Gazebo lighting ceremony honors Monnie Landis

Suzette Lowe
Monnie Landis 

A phrase common in the south describes a woman of great strength who also has a gentility and grace that is apparent to all who meet her.

Monnie Landis, who recently passed away at the age of 88, epitomized this type of woman known as a “steel magnolia.”

With her sweet, quiet voice and her willingness to reach out to anyone, Landis became the force behind many improvements in her beloved Ripley.

As her close friend, Linda Dickirson says, “Those of us who knew Monnie found it impossible to say no when she asked us, in her gentle way, to do something. It was one of her special gifts.”

To fulfill her vision for Ripley, Landis sometimes had to fight to be heard, working years before achieving success.

The effort to renovate and preserve the historic Alpine Theatre began in 1998 when Landis became a founding member of Main Street Ripley. She and then-Mayor Ollie Harvey worked as a team to write grants and work with state agencies and private donors to gain funding.

“Mom was so proud of the Alpine,” her daughter, Marsha Humphrey said. “She was also passionate about Main Street Ripley. She felt strongly that the downtown was and is worthy of revitalization. She wanted to see flowers, music, and people shopping.’’

Part of that beautification can be seen on the courthouse lawn and at Ripley City Park.

The gazebos at both locations can be attributed to Monnie Landis.

“As we light the courthouse gazebo this Christmas season,” Dickirson said, “we will be honoring Monnie with a small ceremony. No one loved seeing Ripley glowing at Christmas more than she did.”

When the small gazebo at the park needed renovation, she and the GFWC Women’s Club of Ripley, of which she was a member for 35 years, gave that structure a much-needed facelift.

Landis was interested in far more than the beautification of Ripley. She cared about its safety. She helped write grants and secure funding for underground utility lines. Uneven sidewalks on Court Street caused her concern as well. That led to improvements completed recently to that part of town.

“I truly hope that Monnie got to walk down the new sidewalks and see the lights on South Court Street,” Mayor Carolyn Rader said. “Oh, how I hope she got to sit on a bench and smile to see one more accomplishment in her life.”

The list of achievements that have led to this community leader’s legacy is a lengthy one.

The memorial bricks along Court Street, the banners hanging from the lights, the chiming of the courthouse bells, all came from Landis and her ability to work with others to achieve a goal. She was also a charter member of the Pilot Club of Jackson County and remained as active as possible with the dental program as an emeritus member.

To her family and friends, though, she was more than a community leader. She was mom, grandma, Scout leader, avid sports fan, faithful member of Calvary United Methodist Church, and master of crochet.

“When I think of my grandma, the first word that comes to mind is love,” Tabby Craddock said. “My fondest memories involve her with Christmas breakfasts, shopping for school clothes, and spending Saturday nights staying up late watching ‘Dallas.’ I loved having her undivided attention and listening to advice she was never shy about sharing.”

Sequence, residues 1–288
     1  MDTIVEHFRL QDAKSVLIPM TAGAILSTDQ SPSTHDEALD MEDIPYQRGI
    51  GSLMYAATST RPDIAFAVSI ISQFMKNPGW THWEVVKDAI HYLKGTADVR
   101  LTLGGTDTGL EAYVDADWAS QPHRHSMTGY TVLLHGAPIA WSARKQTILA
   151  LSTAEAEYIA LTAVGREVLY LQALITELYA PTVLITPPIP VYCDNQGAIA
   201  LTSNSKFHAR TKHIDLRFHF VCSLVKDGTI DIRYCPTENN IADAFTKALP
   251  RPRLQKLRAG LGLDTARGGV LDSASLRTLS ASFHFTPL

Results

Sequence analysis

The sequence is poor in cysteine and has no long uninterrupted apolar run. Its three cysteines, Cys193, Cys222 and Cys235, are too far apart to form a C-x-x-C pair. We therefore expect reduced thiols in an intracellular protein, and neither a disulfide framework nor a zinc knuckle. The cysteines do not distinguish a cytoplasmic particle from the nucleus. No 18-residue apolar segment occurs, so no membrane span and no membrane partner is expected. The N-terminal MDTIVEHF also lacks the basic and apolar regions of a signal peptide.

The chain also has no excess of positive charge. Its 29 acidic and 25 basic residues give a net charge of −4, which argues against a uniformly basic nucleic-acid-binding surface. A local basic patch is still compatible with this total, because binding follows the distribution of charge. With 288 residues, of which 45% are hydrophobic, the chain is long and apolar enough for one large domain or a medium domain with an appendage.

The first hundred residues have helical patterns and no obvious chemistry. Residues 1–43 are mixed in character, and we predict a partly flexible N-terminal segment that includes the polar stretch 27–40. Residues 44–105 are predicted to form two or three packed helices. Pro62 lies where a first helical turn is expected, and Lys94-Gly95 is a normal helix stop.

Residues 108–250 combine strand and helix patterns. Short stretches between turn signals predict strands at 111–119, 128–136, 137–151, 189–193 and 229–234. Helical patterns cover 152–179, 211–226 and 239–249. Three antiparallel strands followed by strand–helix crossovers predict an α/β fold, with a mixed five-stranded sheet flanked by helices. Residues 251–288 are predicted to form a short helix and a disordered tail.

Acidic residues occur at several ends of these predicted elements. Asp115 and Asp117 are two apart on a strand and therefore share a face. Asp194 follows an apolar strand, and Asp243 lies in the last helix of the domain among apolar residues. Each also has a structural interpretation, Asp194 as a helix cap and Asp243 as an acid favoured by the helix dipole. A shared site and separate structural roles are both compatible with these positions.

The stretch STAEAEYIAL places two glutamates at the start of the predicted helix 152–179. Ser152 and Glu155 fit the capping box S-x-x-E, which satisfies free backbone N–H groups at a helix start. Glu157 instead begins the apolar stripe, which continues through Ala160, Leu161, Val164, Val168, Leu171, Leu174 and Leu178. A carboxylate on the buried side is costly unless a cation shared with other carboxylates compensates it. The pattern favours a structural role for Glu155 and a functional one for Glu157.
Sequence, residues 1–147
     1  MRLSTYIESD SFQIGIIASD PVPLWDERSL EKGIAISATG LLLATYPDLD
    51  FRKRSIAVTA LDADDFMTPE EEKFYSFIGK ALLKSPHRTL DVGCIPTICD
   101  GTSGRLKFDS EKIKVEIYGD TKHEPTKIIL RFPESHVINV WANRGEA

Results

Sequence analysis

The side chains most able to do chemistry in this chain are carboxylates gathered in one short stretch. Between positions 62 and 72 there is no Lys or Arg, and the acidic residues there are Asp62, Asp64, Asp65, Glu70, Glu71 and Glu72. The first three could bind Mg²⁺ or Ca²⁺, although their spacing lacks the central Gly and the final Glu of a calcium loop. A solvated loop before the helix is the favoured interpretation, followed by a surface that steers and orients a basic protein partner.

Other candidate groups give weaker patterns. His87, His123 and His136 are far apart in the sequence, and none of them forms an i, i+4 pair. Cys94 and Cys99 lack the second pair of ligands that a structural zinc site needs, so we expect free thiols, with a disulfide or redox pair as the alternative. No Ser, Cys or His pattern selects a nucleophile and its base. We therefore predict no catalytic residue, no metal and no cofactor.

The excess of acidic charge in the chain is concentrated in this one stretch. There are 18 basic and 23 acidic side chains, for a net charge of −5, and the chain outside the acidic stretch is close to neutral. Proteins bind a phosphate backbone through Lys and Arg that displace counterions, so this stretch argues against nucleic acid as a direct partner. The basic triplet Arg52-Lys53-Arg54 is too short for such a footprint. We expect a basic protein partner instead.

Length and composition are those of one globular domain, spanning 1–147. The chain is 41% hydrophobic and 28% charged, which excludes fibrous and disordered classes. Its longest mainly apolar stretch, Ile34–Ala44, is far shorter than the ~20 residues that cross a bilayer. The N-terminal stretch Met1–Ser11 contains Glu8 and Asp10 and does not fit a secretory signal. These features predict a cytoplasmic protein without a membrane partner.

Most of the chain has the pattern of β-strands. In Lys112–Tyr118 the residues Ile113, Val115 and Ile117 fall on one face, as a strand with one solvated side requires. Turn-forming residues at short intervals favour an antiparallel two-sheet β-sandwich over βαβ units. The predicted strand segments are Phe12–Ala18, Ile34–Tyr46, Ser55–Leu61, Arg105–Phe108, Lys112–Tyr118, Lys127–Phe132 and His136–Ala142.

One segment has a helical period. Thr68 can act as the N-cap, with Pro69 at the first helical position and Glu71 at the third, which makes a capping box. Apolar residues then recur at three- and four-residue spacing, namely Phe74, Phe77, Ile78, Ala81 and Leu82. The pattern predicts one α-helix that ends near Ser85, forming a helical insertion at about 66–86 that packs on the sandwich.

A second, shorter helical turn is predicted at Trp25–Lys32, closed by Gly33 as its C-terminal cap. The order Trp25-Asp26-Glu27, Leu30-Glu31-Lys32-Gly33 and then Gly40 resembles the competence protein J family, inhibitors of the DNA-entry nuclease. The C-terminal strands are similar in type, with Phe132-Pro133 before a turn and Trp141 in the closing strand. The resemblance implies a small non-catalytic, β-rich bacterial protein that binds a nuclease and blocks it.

That sharing of advice and knowledge was part of her friendships as well.

“My connection to Monnie goes back to the 1980s when my son and her grandson became friends and we traveled a lot of miles together for ballgames,” Paula Casto said. “A few years later she approached me to be the Director of Main Street Ripley which turned out to be four of the best years of my life. She loved her family, and she treated her friends like family too.”

Landis was a full-time working mother in a time when that was not the norm. Her daughter recalls that this did not prevent her from having meals on the table, attending her children’s events, and having family time and travels together.

“Mom and dad worked shift work at Kaiser Aluminum, so one of them was usually home,” Humphrey said. “Honestly, mom working was just normal to our family. As for travel, she and dad wanted us to do things they never got to as children.”

Humphrey said her mother loved her job as a payroll clerk at the plant.

“She talked with the workers to fix any problems long before computers,” she said. “And years later she could still recite payroll numbers when she’d meet someone she worked with.”

That skill came in handy many times for Sally Blessing who worked closely with Landis as part of Main Street Ripley.

“I soon found out that the rolodex of Ripley was Monnie’s mind,” Blessing said. “Whenever I’d call her to get an idea of whom to contact, she’d give the name, number, and history to make the interaction a smooth one. She used her energy and focus to make Ripley the charming town it is today.”

For Mayor Rader, the love that Bo and Monnie Landis shared is the memory that stands out in her mind.

“I’ll never forget seeing them walking down the streets of Ripley holding hands,” she said. “Their romance never ended.”

Her son, Terry Landis, recognizes the role his mother played in the growth of Ripley.

“It may be a long time before the city of Ripley will have a more loyal, enthusiastic, and driven citizen,” he said. “She was the same way as a mother. Her passing is a loss for her family but also to many others.”

As people stroll around Ripley and see the Christmas lights, listen to the bells, and read the names on the bricks on Court Street, perhaps they will feel the way Mike Ruben, the director of the Ripley Convention and Visitor Center, does.

“Ripley is absolutely a better place because of the dedication of Monnie Parsons Landis,” he said.

The courthouse gazebo lighting ceremony will be at 5:30 p.m. on Saturday, Nov. 28 (tomorrow).